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EU Narrows Apple Music Streaming Antitrust Suit

 |  February 28, 2023

The European Union has taken a step forward in its legal battle against Apple, sending the tech giant an updated list of objections over their App Store rules for music streaming providers, reported CNBC. 

The EU is accusing Apple of using anti-competitive practices to stifle competition and gain an unfair advantage in the market. The antitrust suit could have far-reaching implications for the digital music industry and how consumers access and purchase music

The EU’s preliminary statement of objections, issued in 2021, accused Apple of abusing its dominant position by forcing music streaming app developers to use their own in-app purchase payment technology and restricting the ability of developers to inform iOS users about other available music subscription services. The commission sent the tech giant a Statement of Objections listing issues that it believes warrant further investigation. In it, the EU’s executive body outlined its issues with Apple, namely making developers use its payment system and preventing them from telling subscribers about alternative (and often cheaper) payment options outside of iOS apps.

Read more: Consumer Group Joins EU Apple Antitrust Case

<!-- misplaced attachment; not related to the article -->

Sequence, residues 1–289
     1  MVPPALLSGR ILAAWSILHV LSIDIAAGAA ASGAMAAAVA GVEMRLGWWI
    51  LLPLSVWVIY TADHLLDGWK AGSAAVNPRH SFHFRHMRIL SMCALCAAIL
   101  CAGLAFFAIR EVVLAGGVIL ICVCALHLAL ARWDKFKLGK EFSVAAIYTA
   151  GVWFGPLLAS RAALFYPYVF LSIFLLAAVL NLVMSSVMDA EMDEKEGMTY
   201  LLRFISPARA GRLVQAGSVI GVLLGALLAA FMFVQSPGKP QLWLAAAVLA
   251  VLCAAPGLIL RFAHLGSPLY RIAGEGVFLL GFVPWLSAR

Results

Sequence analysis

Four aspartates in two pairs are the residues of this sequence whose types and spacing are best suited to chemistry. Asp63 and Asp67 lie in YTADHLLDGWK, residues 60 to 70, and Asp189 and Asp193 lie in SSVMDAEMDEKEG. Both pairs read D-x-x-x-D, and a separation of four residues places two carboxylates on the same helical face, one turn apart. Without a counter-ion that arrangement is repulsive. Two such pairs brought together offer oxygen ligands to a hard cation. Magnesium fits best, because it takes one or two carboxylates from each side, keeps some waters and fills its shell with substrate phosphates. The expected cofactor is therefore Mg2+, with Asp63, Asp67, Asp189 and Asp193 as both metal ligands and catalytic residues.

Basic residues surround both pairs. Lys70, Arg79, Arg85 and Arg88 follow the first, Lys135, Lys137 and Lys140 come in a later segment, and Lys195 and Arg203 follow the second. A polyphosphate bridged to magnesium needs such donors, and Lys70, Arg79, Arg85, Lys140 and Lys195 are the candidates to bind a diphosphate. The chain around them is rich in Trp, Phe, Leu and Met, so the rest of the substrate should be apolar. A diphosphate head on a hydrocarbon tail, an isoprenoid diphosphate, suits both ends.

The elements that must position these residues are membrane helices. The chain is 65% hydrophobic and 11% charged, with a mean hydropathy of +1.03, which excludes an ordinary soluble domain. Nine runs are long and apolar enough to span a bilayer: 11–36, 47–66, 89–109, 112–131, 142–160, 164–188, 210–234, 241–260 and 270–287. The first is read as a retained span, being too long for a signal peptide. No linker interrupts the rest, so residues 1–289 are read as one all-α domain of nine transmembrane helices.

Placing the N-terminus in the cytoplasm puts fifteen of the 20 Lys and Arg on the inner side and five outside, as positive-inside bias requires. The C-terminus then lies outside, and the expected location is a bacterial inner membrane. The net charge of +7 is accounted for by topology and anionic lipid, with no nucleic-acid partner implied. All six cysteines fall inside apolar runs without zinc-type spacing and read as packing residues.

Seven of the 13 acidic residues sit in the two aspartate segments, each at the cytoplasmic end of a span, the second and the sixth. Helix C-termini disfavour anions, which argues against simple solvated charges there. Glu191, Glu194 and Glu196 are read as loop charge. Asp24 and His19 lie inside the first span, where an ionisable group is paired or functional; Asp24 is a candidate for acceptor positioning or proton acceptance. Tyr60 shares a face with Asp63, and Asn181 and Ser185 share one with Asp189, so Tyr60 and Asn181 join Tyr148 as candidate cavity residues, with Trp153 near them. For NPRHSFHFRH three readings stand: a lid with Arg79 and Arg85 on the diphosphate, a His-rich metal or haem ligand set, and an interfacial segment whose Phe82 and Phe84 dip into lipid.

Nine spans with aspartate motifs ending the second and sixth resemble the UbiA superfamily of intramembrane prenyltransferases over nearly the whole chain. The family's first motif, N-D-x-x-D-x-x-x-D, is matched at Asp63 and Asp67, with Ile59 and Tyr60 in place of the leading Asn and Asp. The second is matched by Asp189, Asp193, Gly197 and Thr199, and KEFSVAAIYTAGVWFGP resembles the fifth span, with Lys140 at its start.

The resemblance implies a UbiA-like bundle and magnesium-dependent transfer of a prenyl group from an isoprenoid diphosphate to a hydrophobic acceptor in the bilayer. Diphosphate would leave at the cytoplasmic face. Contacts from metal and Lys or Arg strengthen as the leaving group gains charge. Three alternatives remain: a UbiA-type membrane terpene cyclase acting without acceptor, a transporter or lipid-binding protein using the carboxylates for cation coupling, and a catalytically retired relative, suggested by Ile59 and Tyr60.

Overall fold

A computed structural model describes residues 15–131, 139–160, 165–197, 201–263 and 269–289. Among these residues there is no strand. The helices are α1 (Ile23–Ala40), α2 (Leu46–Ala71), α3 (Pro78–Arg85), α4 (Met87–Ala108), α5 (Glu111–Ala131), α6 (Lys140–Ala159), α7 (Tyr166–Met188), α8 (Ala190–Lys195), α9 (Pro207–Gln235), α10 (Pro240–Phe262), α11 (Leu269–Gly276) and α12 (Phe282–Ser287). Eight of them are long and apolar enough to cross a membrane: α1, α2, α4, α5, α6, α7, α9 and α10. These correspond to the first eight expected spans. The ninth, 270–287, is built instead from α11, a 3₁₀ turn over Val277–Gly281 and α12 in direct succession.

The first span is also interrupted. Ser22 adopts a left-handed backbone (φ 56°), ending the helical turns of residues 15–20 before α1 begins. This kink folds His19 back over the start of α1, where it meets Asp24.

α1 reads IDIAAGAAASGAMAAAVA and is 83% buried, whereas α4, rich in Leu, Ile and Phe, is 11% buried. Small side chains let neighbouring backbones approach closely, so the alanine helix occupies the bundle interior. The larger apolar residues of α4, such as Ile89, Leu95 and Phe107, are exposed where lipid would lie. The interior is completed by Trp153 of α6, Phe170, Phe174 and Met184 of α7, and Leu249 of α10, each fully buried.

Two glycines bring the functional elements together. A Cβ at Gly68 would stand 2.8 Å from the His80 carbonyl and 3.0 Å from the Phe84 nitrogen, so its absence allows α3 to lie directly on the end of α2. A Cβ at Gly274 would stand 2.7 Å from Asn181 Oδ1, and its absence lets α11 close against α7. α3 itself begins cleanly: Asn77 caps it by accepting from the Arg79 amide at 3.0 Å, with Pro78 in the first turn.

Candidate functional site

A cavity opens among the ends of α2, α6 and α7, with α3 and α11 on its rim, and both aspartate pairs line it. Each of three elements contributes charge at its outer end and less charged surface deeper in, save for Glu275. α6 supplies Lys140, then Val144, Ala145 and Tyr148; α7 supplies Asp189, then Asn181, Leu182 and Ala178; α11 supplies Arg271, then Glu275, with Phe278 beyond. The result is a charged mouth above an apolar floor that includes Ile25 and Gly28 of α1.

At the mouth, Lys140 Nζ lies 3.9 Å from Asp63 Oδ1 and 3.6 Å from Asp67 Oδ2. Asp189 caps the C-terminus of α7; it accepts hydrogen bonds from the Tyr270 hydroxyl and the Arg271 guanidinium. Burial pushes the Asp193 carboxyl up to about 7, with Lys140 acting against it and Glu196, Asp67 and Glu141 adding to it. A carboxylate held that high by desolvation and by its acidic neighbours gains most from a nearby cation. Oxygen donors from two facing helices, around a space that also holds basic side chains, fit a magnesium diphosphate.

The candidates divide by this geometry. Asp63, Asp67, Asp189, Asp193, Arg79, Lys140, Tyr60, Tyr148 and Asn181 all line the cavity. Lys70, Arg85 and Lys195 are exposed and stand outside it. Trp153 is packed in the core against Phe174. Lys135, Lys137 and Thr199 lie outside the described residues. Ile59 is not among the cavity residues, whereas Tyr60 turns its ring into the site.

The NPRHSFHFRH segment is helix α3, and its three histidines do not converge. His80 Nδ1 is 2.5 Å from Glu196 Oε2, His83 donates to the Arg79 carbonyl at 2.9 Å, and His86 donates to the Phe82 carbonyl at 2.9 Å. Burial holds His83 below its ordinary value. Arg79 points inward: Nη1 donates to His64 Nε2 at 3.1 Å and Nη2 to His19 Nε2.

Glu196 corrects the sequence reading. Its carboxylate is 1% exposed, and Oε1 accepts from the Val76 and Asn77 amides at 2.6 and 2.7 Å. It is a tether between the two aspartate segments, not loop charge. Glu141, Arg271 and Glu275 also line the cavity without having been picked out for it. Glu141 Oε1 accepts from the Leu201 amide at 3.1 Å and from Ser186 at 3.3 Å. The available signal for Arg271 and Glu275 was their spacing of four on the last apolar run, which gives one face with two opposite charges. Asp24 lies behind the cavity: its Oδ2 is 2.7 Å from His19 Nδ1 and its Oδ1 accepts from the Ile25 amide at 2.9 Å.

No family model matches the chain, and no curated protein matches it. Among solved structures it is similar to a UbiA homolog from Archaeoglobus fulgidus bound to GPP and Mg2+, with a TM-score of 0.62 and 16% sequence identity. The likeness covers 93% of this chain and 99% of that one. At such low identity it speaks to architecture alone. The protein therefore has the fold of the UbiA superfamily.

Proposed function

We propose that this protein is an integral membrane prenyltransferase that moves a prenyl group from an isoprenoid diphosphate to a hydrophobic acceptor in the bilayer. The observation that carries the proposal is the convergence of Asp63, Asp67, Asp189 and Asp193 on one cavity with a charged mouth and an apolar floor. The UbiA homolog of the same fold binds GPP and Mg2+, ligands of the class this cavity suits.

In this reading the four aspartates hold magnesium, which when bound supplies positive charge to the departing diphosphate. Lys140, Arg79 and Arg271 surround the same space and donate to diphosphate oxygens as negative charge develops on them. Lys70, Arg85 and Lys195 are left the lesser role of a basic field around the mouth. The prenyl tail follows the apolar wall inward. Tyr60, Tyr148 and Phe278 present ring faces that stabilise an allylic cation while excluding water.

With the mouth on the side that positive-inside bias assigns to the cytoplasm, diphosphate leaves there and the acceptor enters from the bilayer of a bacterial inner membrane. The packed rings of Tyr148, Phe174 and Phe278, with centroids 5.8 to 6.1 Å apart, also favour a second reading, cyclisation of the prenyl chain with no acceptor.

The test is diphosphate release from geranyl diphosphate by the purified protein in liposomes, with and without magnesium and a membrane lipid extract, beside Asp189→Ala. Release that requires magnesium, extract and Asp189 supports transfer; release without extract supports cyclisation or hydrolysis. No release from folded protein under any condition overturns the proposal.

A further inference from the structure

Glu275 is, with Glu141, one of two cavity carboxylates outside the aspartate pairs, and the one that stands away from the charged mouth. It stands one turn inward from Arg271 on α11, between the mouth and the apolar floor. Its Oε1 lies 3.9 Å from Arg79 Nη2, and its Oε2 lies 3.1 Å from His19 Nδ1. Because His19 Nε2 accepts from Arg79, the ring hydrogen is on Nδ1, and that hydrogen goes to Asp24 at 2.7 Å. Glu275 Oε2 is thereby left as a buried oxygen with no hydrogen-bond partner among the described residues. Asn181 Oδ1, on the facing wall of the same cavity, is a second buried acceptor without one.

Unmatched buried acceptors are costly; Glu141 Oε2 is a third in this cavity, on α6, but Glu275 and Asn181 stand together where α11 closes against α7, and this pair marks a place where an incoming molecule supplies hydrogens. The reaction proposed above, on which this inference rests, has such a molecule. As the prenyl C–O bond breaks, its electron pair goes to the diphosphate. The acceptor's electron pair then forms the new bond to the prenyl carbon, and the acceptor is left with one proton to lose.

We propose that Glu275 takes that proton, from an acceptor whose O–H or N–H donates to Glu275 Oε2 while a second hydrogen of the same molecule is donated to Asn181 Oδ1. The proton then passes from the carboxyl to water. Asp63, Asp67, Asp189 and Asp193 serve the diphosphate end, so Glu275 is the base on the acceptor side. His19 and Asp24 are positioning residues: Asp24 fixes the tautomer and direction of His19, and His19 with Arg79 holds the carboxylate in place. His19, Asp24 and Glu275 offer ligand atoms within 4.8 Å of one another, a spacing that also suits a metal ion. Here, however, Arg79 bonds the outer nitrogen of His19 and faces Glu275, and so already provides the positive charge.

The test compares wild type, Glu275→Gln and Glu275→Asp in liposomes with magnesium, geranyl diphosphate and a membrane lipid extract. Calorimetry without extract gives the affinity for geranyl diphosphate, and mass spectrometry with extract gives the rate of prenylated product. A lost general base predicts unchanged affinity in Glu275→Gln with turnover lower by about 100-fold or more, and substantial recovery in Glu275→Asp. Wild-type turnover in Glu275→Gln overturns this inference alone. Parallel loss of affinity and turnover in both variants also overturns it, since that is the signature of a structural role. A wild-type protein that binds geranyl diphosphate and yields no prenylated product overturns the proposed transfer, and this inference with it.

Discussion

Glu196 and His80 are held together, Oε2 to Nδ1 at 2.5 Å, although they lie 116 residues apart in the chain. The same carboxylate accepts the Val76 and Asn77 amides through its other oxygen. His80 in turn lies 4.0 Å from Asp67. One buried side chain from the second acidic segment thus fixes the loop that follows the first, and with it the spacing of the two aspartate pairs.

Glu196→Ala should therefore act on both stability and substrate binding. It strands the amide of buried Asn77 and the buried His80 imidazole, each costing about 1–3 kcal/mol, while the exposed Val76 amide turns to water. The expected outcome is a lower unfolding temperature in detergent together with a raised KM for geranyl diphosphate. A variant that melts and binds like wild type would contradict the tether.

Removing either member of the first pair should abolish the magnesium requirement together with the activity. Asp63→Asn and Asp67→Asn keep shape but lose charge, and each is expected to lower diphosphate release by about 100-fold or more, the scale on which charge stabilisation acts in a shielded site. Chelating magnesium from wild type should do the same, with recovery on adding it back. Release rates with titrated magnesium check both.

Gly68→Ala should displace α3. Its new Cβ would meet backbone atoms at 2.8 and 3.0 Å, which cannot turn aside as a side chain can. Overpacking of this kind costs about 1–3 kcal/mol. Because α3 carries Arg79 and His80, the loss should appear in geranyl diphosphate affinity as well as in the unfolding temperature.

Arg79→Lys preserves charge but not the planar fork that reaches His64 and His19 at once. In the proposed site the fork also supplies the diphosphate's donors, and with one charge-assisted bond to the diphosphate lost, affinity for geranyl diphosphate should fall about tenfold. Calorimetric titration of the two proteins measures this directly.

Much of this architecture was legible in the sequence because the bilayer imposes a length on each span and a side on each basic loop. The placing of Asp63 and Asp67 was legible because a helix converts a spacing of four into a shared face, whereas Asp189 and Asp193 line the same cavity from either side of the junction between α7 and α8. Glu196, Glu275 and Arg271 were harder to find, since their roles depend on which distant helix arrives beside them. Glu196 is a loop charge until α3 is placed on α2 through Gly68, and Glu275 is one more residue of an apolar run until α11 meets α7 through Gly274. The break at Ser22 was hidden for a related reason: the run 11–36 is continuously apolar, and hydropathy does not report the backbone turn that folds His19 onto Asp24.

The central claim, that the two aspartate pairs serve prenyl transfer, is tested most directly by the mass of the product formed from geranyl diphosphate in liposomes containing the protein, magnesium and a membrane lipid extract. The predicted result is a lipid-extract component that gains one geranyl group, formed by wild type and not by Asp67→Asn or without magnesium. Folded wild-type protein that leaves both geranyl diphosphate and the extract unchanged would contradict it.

The new list of objections is more narrowly focused on Apple’s rules for music streaming providers, specifically those related to Apple Music.

“Today, the European Commission sent a clear message that Apple’s anti-competitive behavior and unfair practices have harmed consumers and disadvantaged developers for far too long,” Spotify’s General Counsel Eve Konstan said in a statement. “We urge the Commission to reach a swift decision in this case to protect consumers and restore fair competition on the iOS platform.”

The Commission said that its investigation focused on Apple’s rules for the distribution of music streaming services through the App Store, which are alleged to have artificially raised the prices of competing music streaming services and restricted choice for consumers. The Commission is concerned that these rules limit competition in two ways: by limiting competing music streaming providers’ ability to communicate directly with customers, and by preventing them customers.

It is not yet clear how the Commission will respond to Apple’s statements, but it could potentially result in hefty fines for the tech giant if it finds that its activities are in violation of EU antitrust law. In addition, the Commission may also impose changes to Apple’s App Store rules that would make it easier for competing music streaming services to compete with Apple Music.